Figure 9-9. First attempt at a method to solve the puzzle for any number of disks.

1 /** 2 * Move the specified number of disks from source to dest, making 3 * use of a spare peg. 4 */ 5 public static void hanoi(int disks, int source, int dest, 6 int spare) { 7 hanoi(disks - 1, source, spare, dest); 8 System.out.println(source + " => " + dest); 9 hanoi(disks - 1, spare, dest, source); 10 } |

Unfortunately, this method is slightly broken. If we ask for

hanoi(1, 1, 3, 2);

the program crashes, giving an error message like:

java.lang.StackOverflowError

We'll explain this message in more detail in Section 9.5. For now, let's step through the execution and see if we can figure out what happened.

The method begins by invoking

hanoi(0, 1, 2, 3);

which invokes

hanoi(-1, 1, 3, 2);

which invokes

hanoi(-2, 1, 2, 3);

and so on, until the computer runs out of memory. To prevent this, we have to provide a base casethat is, some situation where the problem is so simple that the method does not have to recursively invoke itself. For the Towers of Hanoi puzzle, the base case is the situation where there is only one disk. Once we check for the base case (Figure 9-10), our method works correctly.

Figure 9-10. A correct recursive program must check for the base case.

1 /** 2 * Move the specified number of disks from source to dest, making 3 * use of a spare peg. 4 */ 5 public static void hanoi(int disks, int source, int dest, 6 int spare) { 7 if (disks == 1) { 8 System.out.println(source + " => " + dest); 9 } else { 10 hanoi(disks - 1, source, spare, dest); 11 System.out.println(source + " => " + dest); 12 hanoi(disks - 1, spare, dest, source); 13 } 14 } |

In general, to solve a problem recursively, we must deal with two cases:

- The base case, where we can solve the problem directly, and
- The recursive case, where we solve the problem in terms of easier subproblems.

When we say that subproblems must be "easier," we mean that they must be closer to the base case. In the Towers of Hanoi, we solve the problem of moving n disks in terms of the easier problem of moving n 1 disks.

For a second example of recursion, consider the task of printing a LinkedList backward. An iterative approach (that is, one using loops instead of recursion) would be to find the last item, then the second-to-last item, and so on (Figure 9-11).

Figure 9-11. An iterative `toStringReversed()` method for our LinkedList class.

1 /** Return a String representing this list in reverse order. */ 2 public String toStringReversed() { 3 String result = "( "; 4 for (int i = size() - 1; i >= 0; i--) { 5 result += get(i) + " "; 6 } 7 return result + ")"; 8 } |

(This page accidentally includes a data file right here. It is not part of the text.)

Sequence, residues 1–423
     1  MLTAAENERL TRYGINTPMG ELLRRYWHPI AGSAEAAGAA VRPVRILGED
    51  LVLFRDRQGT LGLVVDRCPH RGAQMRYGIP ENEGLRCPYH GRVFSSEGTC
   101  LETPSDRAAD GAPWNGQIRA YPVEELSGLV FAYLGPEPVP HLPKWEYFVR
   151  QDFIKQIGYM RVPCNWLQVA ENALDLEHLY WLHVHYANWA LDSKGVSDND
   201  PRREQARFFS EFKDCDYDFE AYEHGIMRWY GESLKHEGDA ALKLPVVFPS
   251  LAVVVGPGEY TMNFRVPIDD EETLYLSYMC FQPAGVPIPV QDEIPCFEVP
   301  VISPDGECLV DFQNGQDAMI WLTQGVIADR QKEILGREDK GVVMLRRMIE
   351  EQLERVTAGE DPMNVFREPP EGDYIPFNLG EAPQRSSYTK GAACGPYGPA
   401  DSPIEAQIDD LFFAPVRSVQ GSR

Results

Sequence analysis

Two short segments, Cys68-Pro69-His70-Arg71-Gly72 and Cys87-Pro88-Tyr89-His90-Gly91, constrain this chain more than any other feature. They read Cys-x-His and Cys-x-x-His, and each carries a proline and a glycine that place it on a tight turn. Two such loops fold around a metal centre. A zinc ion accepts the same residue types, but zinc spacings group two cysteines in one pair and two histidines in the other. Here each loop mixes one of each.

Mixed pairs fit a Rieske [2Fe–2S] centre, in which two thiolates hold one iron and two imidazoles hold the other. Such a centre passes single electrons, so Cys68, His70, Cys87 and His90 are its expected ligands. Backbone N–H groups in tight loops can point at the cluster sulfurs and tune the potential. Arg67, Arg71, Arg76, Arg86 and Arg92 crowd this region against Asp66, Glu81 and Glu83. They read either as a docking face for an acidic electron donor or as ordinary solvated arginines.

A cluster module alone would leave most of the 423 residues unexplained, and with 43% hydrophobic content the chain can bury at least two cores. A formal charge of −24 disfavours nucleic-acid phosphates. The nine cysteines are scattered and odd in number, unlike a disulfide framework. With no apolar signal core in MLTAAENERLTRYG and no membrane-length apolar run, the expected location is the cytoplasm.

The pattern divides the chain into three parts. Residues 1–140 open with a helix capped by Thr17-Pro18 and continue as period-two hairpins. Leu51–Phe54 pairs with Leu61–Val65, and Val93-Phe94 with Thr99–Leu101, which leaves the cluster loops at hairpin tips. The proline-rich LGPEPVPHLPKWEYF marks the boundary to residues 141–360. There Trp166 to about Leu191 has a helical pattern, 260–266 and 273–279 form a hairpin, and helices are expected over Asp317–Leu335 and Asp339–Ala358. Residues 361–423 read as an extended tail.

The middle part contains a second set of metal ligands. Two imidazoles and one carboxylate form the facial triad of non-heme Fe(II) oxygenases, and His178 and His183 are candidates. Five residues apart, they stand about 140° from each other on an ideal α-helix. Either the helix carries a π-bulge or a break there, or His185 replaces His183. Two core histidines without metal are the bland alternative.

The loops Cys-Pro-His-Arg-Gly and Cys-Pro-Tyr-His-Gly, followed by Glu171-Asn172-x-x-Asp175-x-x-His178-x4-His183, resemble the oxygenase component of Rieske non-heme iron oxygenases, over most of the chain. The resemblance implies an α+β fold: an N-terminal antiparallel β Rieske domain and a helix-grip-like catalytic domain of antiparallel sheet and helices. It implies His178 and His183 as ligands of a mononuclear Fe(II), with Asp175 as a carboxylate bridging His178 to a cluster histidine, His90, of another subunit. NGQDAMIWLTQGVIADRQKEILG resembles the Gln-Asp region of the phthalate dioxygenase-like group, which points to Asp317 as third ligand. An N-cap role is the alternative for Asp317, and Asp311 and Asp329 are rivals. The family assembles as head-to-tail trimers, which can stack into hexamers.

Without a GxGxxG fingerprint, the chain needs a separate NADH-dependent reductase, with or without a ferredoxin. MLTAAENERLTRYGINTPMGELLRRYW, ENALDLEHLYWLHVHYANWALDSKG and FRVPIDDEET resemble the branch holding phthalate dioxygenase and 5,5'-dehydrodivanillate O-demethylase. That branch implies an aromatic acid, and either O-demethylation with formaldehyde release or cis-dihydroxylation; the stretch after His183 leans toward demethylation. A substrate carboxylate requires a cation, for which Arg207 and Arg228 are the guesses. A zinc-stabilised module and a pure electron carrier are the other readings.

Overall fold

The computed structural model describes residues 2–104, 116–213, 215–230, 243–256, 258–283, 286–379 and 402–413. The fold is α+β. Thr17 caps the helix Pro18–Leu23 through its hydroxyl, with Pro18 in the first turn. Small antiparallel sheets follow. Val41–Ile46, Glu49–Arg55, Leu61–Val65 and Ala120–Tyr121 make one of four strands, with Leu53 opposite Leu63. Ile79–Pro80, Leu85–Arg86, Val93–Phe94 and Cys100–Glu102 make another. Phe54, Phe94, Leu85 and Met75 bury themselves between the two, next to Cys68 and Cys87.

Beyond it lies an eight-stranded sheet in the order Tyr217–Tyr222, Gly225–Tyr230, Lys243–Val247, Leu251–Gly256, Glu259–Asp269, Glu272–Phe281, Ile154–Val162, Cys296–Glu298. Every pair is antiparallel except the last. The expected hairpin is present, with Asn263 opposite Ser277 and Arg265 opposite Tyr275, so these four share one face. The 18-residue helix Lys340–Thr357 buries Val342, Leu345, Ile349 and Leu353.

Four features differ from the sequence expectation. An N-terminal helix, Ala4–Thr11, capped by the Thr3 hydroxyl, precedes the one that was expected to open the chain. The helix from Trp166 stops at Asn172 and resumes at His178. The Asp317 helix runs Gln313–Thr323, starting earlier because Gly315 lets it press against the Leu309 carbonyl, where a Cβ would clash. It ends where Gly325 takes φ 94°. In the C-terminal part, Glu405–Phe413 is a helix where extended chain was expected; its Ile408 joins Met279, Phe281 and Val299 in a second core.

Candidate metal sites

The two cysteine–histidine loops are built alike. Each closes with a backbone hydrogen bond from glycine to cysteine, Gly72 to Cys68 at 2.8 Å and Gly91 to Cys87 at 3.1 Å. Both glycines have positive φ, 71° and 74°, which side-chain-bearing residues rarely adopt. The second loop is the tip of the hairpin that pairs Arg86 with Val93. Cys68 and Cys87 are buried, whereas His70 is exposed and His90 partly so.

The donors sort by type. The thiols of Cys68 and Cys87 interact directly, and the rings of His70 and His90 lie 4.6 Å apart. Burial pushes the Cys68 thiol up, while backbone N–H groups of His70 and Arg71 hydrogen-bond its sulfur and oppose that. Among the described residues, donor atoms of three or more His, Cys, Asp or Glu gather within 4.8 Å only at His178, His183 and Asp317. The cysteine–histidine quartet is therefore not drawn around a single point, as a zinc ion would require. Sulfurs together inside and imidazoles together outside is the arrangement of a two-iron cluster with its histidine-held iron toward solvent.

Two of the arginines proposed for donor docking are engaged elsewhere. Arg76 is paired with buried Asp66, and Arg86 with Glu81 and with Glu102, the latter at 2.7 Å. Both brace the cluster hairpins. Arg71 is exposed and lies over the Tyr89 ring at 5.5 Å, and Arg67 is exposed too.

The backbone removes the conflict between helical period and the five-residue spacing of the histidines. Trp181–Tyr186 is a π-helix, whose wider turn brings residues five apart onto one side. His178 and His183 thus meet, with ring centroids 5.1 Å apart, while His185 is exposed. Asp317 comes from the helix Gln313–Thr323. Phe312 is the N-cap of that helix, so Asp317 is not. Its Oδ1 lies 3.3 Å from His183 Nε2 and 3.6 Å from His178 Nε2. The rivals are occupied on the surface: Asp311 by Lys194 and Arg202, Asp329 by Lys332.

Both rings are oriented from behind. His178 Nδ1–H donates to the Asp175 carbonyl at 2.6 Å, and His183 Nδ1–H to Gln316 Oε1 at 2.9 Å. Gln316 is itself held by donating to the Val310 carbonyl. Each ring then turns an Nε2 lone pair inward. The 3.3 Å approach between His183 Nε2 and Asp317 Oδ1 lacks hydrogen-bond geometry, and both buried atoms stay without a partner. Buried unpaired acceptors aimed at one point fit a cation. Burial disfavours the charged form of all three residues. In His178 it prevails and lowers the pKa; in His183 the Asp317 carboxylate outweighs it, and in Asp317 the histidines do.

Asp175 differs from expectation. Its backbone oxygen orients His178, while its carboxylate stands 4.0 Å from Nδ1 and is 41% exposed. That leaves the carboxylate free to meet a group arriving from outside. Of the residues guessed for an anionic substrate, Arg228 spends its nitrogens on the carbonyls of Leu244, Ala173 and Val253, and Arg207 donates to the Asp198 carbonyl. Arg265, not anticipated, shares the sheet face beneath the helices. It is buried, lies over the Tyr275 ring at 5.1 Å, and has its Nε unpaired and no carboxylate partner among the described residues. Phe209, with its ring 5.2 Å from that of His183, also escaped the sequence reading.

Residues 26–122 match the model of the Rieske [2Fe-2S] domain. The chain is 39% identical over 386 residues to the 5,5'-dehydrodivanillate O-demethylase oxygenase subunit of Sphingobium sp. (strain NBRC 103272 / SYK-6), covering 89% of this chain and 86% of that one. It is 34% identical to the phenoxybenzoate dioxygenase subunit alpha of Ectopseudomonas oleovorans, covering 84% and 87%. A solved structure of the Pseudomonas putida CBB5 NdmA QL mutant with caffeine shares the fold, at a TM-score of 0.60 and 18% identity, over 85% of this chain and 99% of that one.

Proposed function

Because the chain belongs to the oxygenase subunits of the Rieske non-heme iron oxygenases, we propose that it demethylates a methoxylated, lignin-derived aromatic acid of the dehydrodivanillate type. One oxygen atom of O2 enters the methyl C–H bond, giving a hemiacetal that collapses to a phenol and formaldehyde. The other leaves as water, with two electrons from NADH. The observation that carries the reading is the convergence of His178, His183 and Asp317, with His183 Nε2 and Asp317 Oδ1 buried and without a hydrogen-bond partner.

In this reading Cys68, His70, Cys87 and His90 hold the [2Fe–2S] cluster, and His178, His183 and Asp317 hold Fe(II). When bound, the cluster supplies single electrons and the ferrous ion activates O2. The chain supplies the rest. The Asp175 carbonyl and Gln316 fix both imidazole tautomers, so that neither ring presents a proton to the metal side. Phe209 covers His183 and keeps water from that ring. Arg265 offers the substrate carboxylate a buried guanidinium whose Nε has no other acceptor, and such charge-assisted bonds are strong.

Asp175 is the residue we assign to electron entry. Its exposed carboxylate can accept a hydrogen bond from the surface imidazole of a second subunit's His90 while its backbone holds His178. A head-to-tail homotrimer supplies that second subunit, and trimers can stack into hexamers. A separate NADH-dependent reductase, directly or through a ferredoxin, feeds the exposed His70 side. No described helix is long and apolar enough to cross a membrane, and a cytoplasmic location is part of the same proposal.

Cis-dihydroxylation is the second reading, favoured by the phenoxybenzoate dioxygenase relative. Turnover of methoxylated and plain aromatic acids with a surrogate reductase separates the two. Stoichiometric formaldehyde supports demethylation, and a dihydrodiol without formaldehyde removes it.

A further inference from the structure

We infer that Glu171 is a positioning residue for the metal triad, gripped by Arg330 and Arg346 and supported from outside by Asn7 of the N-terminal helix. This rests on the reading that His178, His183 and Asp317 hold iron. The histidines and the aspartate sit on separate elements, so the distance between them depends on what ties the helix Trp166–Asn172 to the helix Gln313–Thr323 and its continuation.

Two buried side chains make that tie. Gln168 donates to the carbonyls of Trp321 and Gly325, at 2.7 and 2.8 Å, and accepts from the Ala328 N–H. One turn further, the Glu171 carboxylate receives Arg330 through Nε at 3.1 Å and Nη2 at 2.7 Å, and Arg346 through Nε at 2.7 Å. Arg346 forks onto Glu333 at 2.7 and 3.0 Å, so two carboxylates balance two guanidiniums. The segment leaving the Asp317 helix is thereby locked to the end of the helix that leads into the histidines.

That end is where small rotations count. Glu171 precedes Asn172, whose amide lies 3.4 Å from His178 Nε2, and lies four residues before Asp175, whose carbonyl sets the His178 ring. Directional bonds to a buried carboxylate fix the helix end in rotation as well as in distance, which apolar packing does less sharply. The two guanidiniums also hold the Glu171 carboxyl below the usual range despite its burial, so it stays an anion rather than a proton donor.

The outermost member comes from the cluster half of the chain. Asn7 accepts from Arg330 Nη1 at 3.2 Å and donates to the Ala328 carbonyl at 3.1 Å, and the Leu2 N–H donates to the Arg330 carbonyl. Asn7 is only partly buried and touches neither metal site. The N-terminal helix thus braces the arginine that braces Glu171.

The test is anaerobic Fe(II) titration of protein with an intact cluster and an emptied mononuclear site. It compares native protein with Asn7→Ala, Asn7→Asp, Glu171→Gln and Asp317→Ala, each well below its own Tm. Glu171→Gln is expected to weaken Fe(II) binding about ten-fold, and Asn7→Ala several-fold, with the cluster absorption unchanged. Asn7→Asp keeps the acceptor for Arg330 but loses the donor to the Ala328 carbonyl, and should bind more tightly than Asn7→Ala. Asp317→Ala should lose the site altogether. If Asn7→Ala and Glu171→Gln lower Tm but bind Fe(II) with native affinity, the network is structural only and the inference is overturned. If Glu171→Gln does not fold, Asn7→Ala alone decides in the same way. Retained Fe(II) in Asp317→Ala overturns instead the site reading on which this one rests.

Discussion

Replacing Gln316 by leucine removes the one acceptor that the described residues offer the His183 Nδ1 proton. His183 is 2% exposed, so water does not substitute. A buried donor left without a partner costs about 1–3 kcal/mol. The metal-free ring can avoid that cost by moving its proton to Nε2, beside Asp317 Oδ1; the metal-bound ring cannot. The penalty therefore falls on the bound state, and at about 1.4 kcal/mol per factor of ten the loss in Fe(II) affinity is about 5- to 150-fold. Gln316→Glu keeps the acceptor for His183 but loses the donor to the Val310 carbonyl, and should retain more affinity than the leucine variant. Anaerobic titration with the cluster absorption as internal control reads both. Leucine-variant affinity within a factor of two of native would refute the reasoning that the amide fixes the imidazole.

This method works, but it is not very efficient. Each invocation of `get()` requires us to walk down the list from the beginning to find the item at position `i`, which takes time linear in `i`. The total time for this version of `toStringReversed()` is:

(We are pretending here that String concatenation takes constant time, which is not exactly true. More on this in Chapter 13.)

A better recursive solution is to divide the problem into two cases:

- If there are no nodes, return the empty String.
- Otherwise, generate a String for the rest of the list (the part after the first item). Add the first item to the end of this String and return it.

We would like to add parentheses at the beginning and end of the list. We could deal with the left parenthesis in the base case, but there's no good time to add the right parenthesis. To avoid this complication, we move the recursive part of the problem into a separate helper method (Figure 9-12).

Figure 9-12. An alternate version of `toStringReversed()` invokes a recursive helper method.

1 /** Return a String representing this list in reverse order. */ 2 public String toStringReversed() { 3 return "( " + toStringReversedHelper(front) + ")"; 4 } 5 6 /** 7 * Return a String representing the portion of a LinkedList starting 8 * at node, in reverse order. 9 */ 10 protected String toStringReversedHelper(ListNode node) { 11 if (node == null) { 12 return ""; 13 } else { 14 return toStringReversedHelper(node.getNext()) + node.getItem() 15 + " "; 16 } 17 } |

Notice that `toStringReversedHelper()` does not deal with the entire list, but merely the chain of nodes starting at `node`.

To show that a recursive algorithm works correctly, we must demonstrate that:

- The base case works correctly, and
- If the recursive method works for a problem of size n 1, then it works for a problem of size n.

In this case, `toStringReversedHelper()` certainly works correctly for the base case, where `node` is `null`. It returns the empty String, so `toStringReversed()` returns `"( )"`.

Now suppose `node` is not `null`, but instead is a reference to the first of a chain of n nodes (Figure 9-13).

Figure 9-13. A chain of n nodes consists of a first node followed by n 1 more nodes.

If we assume that the recursive invocation

toStringReversedHelper(node.getNext())

correctly returns the String `"D C B "`, then clearly the expression

toStringReversedHelper(node.getNext()) + node.getItem() + " "